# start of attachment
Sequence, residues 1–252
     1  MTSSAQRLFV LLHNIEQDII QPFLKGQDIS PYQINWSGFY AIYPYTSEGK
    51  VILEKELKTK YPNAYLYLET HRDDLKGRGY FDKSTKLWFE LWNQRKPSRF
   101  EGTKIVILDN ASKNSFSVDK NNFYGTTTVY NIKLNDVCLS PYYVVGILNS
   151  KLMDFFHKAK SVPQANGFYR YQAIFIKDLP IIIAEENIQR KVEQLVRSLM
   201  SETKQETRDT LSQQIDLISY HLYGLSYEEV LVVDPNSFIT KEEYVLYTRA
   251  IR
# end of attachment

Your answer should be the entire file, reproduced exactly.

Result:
Sequence, residues 1–252
     1  MTSSAQRLFV LLHNIEQDII QPFLKGQDIS PYQINWSGFY AIYPYTSEGK
    51  VILEKELKTK YPNAYLYLET HRDDLKGRGY FDKSTKLWFE LWNQRKPSRF
   101  EGTKIVILDN ASKNSFSVDK NNFYGTTTVY NIKLNDVCLS PYYVVGILNS
   151  KLMDFFHKAK SVPQANGFYR YQAIFIKDLP IIIAEENIQR KVEQLVRSLM
   201  SETKQETRDT LSQQIDLISY HLYGLSYEEV LVVDPNSFIT KEEYVLYTRA
   251  IR